In Russia, just like in the West, to figure out what someone’s true agenda is and where their allegiances lie, you have to figure out who patronizes and protects them i.e., who provides them with their “roof”.
And the rules are simple: roofed-up players get promoted and supported by their patrons. Non-patronized players are rare and most are doomed to remain minor figures for the the rest of their political careers. In most cases, if they get too big too fast, they are shut down by either the state, hostile business groups or sometimes even assassinated.
Well, to be fair, the open killings stopped in Russia a while ago as politics became more refined and civilized.
Ukraine is a far better example of the old way of doing things.
Zelensky is a great example of a man with a firm roof over his head. He is a project of the oligarch and crime boss Igor Kholomoisky - a Dneipropetrovsk mafia don. His acting career was made on Kholomoisky’s media network, his political campaign was then financed by Kholomoisky and then he repaid Kholomoisky in kind with kickbacks and vast amounts of stolen state money that was then laundered to the West through the DNC, the Biden family, the GOP, the FTX people and his wife as well to boot.
Everyone who got in their way died or got the message.
An example of a Russian activist without a roof is the tragic story of Maxim Martsinkevich who was better known as Tesak.
He was clearly the top contender for the throne of the non-aligned Nationalist Right in Russia. But he lacked one crucial thing: he had no roof over his head. So, roofed-up competitors for the Nationalist throne like Alexey Navalny and Mikhail Svetov lobbied to have him arrested. Tesak was eventually sentenced to ten years in prison for his edgy activism. In particular, he was known for luring Africans and pedophiles to his home with promises of sex and then slapping them around with his buddies while recording his antics.
Then, on the eve of his release from prison, right when there was another effort to force Navalny and attempt yet another color maidan attempt in Moscow, Tesak was assassinated in prison.
In contrast, despite literally embezzling millions in state money on two separate occasions and openly advocating for the overthrow of the government, Navalny was untouchable for many years. This is because he had a krisha in the form of Western spook support and many deep-pocketed friends in the well-connected Moscow nomenklatura. It took years before this krisha was finally dismantled and he was allowed to be arrested.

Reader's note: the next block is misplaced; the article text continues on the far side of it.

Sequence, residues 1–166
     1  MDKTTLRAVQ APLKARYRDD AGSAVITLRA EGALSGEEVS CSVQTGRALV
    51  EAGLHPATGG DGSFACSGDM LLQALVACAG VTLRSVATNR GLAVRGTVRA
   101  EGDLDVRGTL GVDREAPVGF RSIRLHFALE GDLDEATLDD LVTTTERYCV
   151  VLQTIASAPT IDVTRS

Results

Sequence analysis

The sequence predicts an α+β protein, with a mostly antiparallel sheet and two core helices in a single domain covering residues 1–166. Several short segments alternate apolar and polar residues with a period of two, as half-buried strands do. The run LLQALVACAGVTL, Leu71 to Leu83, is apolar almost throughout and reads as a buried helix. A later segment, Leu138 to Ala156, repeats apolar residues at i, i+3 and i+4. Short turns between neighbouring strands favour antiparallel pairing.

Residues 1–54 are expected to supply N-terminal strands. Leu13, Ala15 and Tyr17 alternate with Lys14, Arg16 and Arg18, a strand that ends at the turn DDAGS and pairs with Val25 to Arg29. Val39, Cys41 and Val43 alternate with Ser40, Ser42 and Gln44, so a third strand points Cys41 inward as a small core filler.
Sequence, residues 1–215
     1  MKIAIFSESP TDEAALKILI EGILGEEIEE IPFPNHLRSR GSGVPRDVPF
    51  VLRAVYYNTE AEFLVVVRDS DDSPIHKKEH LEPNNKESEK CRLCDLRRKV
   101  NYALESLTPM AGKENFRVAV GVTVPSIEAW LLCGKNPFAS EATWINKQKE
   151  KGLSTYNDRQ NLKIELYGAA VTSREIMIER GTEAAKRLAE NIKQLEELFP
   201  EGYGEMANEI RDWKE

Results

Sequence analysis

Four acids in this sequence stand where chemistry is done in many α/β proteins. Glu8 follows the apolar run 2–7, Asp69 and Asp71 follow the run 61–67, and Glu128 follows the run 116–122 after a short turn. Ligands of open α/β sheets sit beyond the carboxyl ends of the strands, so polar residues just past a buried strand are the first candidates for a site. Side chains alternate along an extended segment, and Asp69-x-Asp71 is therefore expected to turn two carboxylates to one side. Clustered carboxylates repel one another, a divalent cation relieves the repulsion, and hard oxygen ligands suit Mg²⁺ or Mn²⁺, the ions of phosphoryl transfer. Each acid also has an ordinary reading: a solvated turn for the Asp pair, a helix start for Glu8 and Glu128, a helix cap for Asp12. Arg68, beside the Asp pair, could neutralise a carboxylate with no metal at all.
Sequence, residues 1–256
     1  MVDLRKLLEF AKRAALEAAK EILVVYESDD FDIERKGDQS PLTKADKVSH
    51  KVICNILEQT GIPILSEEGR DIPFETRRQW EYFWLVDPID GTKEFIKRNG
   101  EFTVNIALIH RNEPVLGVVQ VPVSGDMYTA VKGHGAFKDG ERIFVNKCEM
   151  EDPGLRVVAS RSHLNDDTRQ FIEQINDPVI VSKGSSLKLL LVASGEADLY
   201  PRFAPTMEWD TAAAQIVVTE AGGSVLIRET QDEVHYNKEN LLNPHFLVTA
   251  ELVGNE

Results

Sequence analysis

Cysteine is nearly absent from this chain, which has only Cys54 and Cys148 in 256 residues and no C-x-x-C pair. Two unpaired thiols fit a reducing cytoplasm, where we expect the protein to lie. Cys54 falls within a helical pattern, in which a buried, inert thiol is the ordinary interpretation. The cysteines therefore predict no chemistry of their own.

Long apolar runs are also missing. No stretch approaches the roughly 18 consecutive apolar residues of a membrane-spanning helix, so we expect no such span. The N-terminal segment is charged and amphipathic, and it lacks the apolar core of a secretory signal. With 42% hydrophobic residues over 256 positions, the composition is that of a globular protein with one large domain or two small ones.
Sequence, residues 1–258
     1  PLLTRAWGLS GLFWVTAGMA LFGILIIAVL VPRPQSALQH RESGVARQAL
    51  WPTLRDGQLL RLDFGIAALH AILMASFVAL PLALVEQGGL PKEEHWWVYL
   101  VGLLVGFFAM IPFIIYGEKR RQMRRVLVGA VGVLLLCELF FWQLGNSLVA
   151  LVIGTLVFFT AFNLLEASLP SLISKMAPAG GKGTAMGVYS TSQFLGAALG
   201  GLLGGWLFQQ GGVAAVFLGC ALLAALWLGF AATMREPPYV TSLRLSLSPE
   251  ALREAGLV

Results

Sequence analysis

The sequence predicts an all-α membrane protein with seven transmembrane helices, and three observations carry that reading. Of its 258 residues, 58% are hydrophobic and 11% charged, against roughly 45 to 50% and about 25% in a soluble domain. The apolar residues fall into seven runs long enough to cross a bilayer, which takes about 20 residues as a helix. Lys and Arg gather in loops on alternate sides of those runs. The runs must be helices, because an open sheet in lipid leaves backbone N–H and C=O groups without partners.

But we’ve gotten a bit off track.
We last left our hypothetical young activist as he was making a difficult choice: who to get mobbed up with. Amusingly, the Kremlin rarely reaches down and pulls up one of the rowdy peasant hetmans and then wonders why it has all these people working to undermine their rule. With no political path open through the established and entrenched channels, these activists always go to opposition, who are always in the market for their services.
Hey, a man’s gotta eat.
The last time they did it, to my knowledge, was with Rogozin, the leader of the socialist-nationalist Rodina party, which was rapidly gaining traction in the elections, who they made head of Roscosmos, a very cushy position with plenty of opportunities for self-enrichment, but little political power.
A perfect position. Well worth the cost of getting rid of Rodina.
But, otherwise, all parts of the pie are accounted for. So, the Kremlin and United Russia, whose job it is to handle this problem, don’t pull anyone new up. This is the classic over-proliferation of elites scenario. You can’t pretend to be a peasant-democracy and then be surprised when hetmans rise up and start demanding a seat at the table. You need a whole matrix of control in place to slow their momentum, bog them down, buy them off, and so on. So long as you keep the pie growing and the pyramid scheme expanding, you can keep the whole thing going. But when contraction kicks in and you have a deflationary political power pie cycle, you get problems.
The US handles this much better. They allow these fake opposition front organizations to operate freely, so long as they play by the rules, and act as sponges to absorb the energy of radical political activism.
And the solution, of course, is to jettison the old political power model and go back to something more traditional and stable. It is such a waste of time and talent and ruined lives to keep the illusion of a participatory citizen-democracy going. All you get is oligarchic scheming and a never-ending power struggle all up and down the power pyramid.
Invest total power in one office, raise up and dole out power with talented up and comers, and mercilessly cull the oligarchs periodically like persistent weeds. Rinse and repeat.
It’s more honest this way.
Excellent essay Rolo.
"Nobody ever went broke underestimating the intelligence of the American people ". - H. L. Menchen
No other commentary necessary. Keep up the good work and I just might subscribe one day. Of course I'd expect the same courtesy in return. Stay healthy, safe and strong we live in tumultuous times.